Common Sense Note
Parents need to know that this classic '70s sitcom is based on the strong bond between an aging father and his adult son. While their relationship is a positive one, the son often finds himself taking on the parental role when things go wrong. Parents should also know that while the show's language and situations are mild when compared with today's sitcoms, Fred Sanford's consistent use of race-based insults and stereotypes make him a less-than-desirable role model -- and make the series better-suited for kids who can understand its original context.
Occasional references to white women being "sex maniacs."
Fred often threatens to hit people by giving them "five across the lip," but it's an empty promise.
Fred often calls Lamont "dummy" and other silly-but-insulting names.
Fred often resorts to insults and bigoted comments when talking to friends and family. The cast is diverse, but the show's working-class African-American characters exhibit characteristics of stereotypes typical to the time period. Fred and Lamont are close, but their relationship is marked by Fred's continual insults while Lamont takes care of him and the business.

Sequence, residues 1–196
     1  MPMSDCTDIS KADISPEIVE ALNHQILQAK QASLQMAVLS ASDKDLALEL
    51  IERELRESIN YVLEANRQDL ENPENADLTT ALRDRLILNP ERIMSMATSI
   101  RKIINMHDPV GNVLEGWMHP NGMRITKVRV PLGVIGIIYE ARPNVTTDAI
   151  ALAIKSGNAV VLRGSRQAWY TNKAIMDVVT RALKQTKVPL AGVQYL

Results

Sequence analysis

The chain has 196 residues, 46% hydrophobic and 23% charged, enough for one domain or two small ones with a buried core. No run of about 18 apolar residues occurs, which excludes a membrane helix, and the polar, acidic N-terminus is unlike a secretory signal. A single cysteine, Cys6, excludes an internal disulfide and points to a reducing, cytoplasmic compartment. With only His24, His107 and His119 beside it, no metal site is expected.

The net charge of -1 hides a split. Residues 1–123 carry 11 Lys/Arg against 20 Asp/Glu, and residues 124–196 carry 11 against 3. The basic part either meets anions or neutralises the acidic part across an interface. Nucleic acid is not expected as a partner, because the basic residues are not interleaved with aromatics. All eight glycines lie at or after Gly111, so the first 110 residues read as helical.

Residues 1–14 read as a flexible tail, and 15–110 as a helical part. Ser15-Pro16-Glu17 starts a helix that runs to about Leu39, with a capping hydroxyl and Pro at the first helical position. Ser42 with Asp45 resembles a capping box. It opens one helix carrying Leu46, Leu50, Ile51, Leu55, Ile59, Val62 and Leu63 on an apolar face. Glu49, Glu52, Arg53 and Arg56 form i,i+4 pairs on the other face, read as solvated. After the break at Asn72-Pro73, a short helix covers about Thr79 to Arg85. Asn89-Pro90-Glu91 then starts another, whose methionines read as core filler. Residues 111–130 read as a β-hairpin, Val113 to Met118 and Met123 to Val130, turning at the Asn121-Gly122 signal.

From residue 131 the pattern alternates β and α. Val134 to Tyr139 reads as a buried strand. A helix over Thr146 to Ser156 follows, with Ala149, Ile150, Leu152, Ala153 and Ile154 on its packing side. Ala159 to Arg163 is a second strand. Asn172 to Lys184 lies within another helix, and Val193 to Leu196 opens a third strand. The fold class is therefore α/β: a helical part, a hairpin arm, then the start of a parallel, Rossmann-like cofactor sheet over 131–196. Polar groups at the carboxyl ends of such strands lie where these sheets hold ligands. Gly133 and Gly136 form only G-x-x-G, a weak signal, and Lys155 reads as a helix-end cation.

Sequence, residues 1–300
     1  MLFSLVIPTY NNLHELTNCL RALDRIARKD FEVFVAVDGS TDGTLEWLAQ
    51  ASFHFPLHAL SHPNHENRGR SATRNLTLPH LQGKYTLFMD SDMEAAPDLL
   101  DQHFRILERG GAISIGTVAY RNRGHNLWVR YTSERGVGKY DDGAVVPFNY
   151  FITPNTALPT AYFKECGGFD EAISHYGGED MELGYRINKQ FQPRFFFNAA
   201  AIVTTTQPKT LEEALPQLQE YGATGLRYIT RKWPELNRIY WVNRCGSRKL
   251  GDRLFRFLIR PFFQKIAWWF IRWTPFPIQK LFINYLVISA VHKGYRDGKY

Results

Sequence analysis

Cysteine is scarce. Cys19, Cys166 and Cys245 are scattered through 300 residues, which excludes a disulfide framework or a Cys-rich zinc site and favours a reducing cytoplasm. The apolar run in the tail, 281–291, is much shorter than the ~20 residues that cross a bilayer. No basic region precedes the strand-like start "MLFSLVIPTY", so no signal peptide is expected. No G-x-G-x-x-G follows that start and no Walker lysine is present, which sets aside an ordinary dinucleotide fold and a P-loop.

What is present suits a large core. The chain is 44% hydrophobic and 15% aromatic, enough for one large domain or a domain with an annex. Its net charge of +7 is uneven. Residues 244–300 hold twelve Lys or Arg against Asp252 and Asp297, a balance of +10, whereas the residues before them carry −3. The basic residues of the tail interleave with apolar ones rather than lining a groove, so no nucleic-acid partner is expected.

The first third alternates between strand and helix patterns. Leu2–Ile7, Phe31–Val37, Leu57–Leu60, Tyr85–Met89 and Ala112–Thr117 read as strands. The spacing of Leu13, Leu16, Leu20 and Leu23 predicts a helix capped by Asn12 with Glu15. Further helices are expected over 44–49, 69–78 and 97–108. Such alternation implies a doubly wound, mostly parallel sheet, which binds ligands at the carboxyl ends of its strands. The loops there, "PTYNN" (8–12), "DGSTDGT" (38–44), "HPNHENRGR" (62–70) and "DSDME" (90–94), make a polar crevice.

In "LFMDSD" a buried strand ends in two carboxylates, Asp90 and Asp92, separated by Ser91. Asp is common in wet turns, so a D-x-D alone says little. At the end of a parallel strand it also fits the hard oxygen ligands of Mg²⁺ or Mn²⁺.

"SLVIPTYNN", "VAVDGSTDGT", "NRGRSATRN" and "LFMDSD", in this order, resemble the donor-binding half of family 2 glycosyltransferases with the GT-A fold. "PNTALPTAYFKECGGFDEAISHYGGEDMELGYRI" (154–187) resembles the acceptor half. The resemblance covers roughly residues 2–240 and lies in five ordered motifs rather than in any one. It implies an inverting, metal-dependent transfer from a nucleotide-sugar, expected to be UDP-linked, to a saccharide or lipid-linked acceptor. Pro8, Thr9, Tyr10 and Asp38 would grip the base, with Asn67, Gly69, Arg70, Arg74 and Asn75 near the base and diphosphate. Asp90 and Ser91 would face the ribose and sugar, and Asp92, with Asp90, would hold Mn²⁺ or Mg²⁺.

Occasional references to Coca-Cola and other products.
Drugs / Tobacco /
Occasional consumption of alcohol and cigarettes. Hard liquor bottles visible throughout the Sanford home.